Legislative Issues

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ARSA’s legislative priorities are provided through the generous support of 2023 Conference Gold  Sponsor HEICO. The priorities are an important resource for participants in the Conference’s Legislative Day and guide the association’s advocacy and grassroots engagement throughout the year. Learn more about the company at

ARSA is the eyes, ears, and voice of the aviation maintenance industry in the halls of Congress. The association’s legislative efforts complement its regulatory expertise as our team tirelessly fights for repair station interests on Capitol Hill. With Federal Aviation Administration (FAA) reauthorization looming, ARSA’s 2023 policy agenda is focused on challenges with FAA oversight and the industry’s long-standing technician shortage.

Our top priority is ensuring that aviation policy is based on facts, not fear. New laws and regulations should genuinely improve safety, not micromanage or undermine industry competitiveness. We pursue this and ARSA’s other policy objectives by engaging lawmakers in our nation’s capital and their home states, encouraging grassroots action and involvement by ARSA members, raising the legislative and regulatory profile of the aviation maintenance industry, offering technical and legal expertise to analyze and respond to government actions, and promoting the industry’s benefits and safety record among key audiences.

Legislative Priorities: 118th Congress, First Session

To download a PDF copy of these priorities, click here.

To download at PDF of ARSA’s detailed FAA reauthorization priorities as sent to Congress on Feb. 28, 2023, click here.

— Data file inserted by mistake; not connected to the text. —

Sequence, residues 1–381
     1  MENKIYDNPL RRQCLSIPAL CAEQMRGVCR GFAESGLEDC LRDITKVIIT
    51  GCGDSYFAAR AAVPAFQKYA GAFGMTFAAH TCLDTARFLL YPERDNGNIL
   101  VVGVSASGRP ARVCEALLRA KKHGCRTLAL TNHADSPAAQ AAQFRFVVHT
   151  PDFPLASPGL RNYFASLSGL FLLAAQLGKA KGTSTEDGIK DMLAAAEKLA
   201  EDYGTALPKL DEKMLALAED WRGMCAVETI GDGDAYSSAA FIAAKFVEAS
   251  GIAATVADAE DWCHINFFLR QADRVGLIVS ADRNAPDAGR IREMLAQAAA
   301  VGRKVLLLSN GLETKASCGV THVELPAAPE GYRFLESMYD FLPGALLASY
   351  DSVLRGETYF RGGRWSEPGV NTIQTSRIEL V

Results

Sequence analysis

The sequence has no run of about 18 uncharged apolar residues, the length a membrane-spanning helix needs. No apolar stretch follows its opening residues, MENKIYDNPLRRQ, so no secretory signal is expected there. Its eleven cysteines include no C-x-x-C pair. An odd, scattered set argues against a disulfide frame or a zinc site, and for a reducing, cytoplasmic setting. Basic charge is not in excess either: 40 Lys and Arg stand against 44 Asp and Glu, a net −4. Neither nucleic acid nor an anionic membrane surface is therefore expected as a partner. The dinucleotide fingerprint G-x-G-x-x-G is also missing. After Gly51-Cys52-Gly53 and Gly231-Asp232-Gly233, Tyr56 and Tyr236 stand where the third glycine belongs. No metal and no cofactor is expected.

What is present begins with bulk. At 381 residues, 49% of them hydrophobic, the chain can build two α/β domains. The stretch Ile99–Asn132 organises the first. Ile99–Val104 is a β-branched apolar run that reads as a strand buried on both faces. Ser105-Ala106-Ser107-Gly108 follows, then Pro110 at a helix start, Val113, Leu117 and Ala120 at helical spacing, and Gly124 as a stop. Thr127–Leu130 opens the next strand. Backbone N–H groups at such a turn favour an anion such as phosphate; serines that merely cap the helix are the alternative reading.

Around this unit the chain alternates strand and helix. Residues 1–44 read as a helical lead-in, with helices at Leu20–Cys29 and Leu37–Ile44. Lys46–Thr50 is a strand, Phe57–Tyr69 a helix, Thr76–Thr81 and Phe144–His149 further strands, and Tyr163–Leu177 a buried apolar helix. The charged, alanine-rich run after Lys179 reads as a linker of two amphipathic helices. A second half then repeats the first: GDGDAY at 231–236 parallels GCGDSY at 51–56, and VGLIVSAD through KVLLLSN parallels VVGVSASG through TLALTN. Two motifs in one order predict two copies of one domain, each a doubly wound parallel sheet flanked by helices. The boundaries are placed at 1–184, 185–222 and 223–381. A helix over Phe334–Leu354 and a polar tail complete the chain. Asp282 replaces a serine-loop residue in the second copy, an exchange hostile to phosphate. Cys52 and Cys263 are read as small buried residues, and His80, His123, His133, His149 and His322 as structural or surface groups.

ARSA members regularly complain that front line FAA personnel in local offices selectively enforce rules, apply them inconsistently or incorrectly, and demand compliance with agency guidance that conflicts with or exceeds regulatory requirements. At headquarters, agency leaders (many of whom are in “acting” positions) are slow to respond to industry recommendations to improve policy (if they respond at all), thus undermining the growth, efficiency, and global competitiveness of the rapidly evolving U.S. aviation industry. While the FAA may once have been respected as “the gold standard” of aviation regulation, that status is in serious jeopardy as foreign Civil Aviation Authorities (CAA) benefit from better trained personnel, consistent leadership, a global perspective, and a more internally consistent regulatory framework. ARSA therefore recommends the FAA reauthorization bill do the following:

  • Enhance Aviation Rulemaking and Exemption Due Process (as proposed in the PLANE Act 104) by improving agency responsiveness to industry stakeholder petitions for rule changes and exemptions.
  • Require timely resolution of investigations so “stale” letters of investigation sent to certificate holders do not hang as a cloud over their companies and careers for years.
  • Restore the right of repair stations to unilaterally surrender their certificates (as proposed in the PLANE Act 601) when businesses close, merge, etc. to improve due process given the lack of FAA procedures for accepting surrendered certificates.
  • Enhance international cooperation between the FAA and other CAAs by amending 14 CFR part 43 to allow the FAA to accept certificates/approvals issued by other CAAs if those CAAs accept FAA certificates pursuant to a bilateral aviation safety agreement.
  • Enhance access to maintenance data by directing FAA to task the Aviation Rulemaking Advisory Committee (ARAC) to review current rules and policy related to instructions of continued airworthiness (ICA, aka “maintenance manuals”) and recommend guidance and/or regulatory changes to enhance ICA access for aircraft owners, maintainers, and others.
  • End misapplication of FAA guidance by confirming that unless a course of conduct is specifically prohibited by the regulations, the agency must allow it and by prohibiting the agency from enforcing guidance not supported by a specific law or regulation.
  • Limit reversal of agency approvals issued to a certificate holder without the express written consent of the executive director of FAA’s Flight Standards Service and/or Aircraft Certification Service, as applicable, or their delegees.
  • Clarify supplemental type certificate requirements by tasking the agency to explain the differences between a major alteration that introduces a major change in type design under 14 CFR § 21.113(b)) and a major alteration that does not require an Supplemental Type Certificate.